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Speech on the occasion of the Open Debate of the United Nations Security Council on “Peace and Security in Africa: Strengthening Peacekeeping Operations in Africa” - November 20, 2018

20.11.2018 - Speech

-- Check against delivery --

  

Mr. President,

  • I join others in thanking you for convening this timely open debate on Peace and Security in Africa: Strengthening Peacekeeping Operations in Africa.
  • We also thank the Secretary-General for his remarks.
  • Germany aligns itself with the statement made by the European Union.

I will focus on three points during my intervention:

  1. Support by the UN and the international community to African countries;
  2. Efforts by the United Nations and the international community to help African Union-led peace operations obtain more predictable and sustainable financing.
  3. Partnership between the United Nations and the African Union in peacekeeping;

1) Support to African troop-contributors

  • Germany was among the first countries to endorse the Declaration of Shared Commitments on Peacekeeping Operations put forth by the Secretary-General in August this year. We are committed to its implementation.
  • We take the shared commitment of improving cooperation with regional organizations very seriously and in particular with the African Union. It is important to strengthen regional organizations to enable them to secure peace and stability in their own region.  
  • Throughout the past years already, Germany has stepped up its contribution to crisis prevention efforts and peacekeeping on the African continent. Examples: We support capacity-building of APSA, provide training and specialized equipment to a large number of African TCCs and PCCs. We are also contributing to the Africa-wide roll-out of best-practices in controlling Small Arms and Light Weapons by UN Peace Missions in order to stop their proliferation into the hands of non-state actors.
  • In addition, we support the ongoing process of enhancing the performance and effectiveness of UN peacekeeping operations through bilateral and multilateral programs. For instance, Germany  offers Mobile Training Teams for pre-deployment IED training to Troop and Police Contributing Countries in MINUSMA (already trained EGY, GIN, ongoing SEN), we provide in-mission training to further increase command capabilities of high-risk missions in Africa and we support peacekeeping training Institutes in Mali, Ghana and Kenya.
  • Also in the context of the EU, and as highlighted by the representative of the European Union, Germany is actively engaged: the EU currently supports seven African missions.  Germany is the largest contributor to these projects.
  • Looking for instance at Mali, in the context of the EU Training Mission, currently led by a German force commander, we provide training for the soldiers of the G5 Sahel Joint Force and deploy personnel to the two civilian missions EUCAP Sahel Niger and EUCAP Sahel Mali which advise their host countries on security sector reform. Or in Somalia, the EU is the largest financial contributors to the African Union peacekeeping mission AMISOM. The EU's support to AMISOM is an integral part of the EU's comprehensive and long-term support for security and development efforts in Somalia, including three CSDP missions in and around Somalia.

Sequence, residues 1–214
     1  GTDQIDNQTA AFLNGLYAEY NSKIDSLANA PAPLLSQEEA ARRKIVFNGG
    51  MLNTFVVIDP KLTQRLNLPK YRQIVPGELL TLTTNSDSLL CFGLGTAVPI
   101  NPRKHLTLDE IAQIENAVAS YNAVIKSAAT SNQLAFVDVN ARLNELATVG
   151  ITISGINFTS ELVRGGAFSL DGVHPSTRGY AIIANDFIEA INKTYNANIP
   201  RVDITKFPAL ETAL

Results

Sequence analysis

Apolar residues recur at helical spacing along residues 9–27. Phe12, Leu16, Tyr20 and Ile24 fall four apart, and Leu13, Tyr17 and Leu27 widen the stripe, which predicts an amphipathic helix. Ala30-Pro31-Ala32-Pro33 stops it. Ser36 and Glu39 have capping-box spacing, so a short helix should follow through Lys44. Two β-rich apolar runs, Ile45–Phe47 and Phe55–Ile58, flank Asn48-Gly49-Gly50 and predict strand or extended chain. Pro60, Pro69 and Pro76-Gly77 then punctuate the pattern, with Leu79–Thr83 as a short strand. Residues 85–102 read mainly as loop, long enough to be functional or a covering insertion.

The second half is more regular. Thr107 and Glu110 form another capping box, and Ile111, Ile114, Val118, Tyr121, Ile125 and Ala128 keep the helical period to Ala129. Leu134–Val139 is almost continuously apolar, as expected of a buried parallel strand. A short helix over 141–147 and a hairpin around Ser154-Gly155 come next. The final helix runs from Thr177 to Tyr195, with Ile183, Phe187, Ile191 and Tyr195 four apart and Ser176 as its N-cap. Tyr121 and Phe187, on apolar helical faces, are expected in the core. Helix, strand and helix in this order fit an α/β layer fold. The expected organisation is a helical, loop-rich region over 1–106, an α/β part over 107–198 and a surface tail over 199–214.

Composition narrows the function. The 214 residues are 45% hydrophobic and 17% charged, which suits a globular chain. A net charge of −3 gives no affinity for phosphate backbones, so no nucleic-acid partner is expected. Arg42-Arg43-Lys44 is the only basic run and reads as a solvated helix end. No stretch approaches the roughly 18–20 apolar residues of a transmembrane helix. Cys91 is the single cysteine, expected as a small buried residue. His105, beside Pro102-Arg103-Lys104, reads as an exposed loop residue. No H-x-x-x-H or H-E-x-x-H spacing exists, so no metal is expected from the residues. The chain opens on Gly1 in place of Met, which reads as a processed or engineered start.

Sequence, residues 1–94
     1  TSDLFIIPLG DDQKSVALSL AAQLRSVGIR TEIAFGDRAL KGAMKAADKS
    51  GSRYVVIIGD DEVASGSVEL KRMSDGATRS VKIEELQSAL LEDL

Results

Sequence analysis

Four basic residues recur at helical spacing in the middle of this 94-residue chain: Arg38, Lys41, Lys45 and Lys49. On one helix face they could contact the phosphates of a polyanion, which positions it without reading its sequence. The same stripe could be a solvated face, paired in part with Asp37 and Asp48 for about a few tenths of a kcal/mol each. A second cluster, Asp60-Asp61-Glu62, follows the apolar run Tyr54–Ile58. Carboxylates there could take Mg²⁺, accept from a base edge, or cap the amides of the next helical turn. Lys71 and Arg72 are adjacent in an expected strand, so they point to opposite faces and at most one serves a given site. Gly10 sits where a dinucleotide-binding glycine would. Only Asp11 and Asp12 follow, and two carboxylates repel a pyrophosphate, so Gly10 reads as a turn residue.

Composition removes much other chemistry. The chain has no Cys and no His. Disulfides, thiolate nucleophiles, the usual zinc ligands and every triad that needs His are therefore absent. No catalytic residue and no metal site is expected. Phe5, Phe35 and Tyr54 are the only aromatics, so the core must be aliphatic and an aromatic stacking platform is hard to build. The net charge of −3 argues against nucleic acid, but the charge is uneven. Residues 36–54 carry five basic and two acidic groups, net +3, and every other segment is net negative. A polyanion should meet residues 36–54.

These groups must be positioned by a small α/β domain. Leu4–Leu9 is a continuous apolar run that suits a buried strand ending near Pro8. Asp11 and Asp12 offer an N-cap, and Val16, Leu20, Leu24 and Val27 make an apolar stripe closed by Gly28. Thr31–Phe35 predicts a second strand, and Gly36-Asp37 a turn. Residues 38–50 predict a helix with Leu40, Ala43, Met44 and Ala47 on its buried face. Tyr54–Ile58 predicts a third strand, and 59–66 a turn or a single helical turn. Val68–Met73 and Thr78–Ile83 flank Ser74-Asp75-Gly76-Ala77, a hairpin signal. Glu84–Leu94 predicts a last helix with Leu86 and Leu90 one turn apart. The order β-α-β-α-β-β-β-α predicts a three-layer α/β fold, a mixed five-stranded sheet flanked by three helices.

2) Financing

Let me now turn to the question of financing:

  • While Germany recognizes that financing is an integral aspect of any peace operation, we would like to the see a broader debate about performance, about human rights compliance but also about the nexus of peace operations with prevention and peacebuilding activities. It is important to take a holistic approach, involving civilian and military means and addressing all phases of a conflict, from the outset.
  • At the same time, there is a need to enhance the predictability, sustainability and flexibility of financing for AU-led peace operations authorized by the Security Council.
  • We believe that establishing a mechanism through which AU-led or AU-mandated peace operations could be partly financed through UN assessed contributions should be given further consideration, on the understanding that such funding would be on a case-by-case basis, complement African contributions and respect the primacy of the Security Council.
  • In addition to the mentioned above, we would be reassured if two aspects received due attention:
    • First, the establishment of a robust accountability and compliance framework to ensure strategic and financial oversight;
    • Second, a human rights and conduct-and-discipline framework in accordance with international human rights law and international humanitarian law.
  • While there can be no doubt that the UN and the international community must help provide the resources peacekeeping missions need to deliver on their mandates, we also commend the AU’s ongoing efforts to enhance self-reliance and financing of its activities. 

3)  UN-AU partnership

  • To conclude, Mr. President, and this is my third and final point: the African Union is undoubtedly one of the UN’s most important partners in peace and security on the African continent.
  • Germany, jointly with our African partners, is committed to support and further develop the UN-AU partnership, in line with Chapter VIII of the UN Charter.
  • Based on the Joint UN-AU Framework for an enhanced partnership in peace and security, we would like to see this partnership develop even further and to address all phases of a conflict, from prevention, over peace operations to post-conflict peacebuilding. 
  • We are on a good track. We should sustain this momentum and maintain the political will to take the next step, with a view to “sustaining peace”. 

I thank you.

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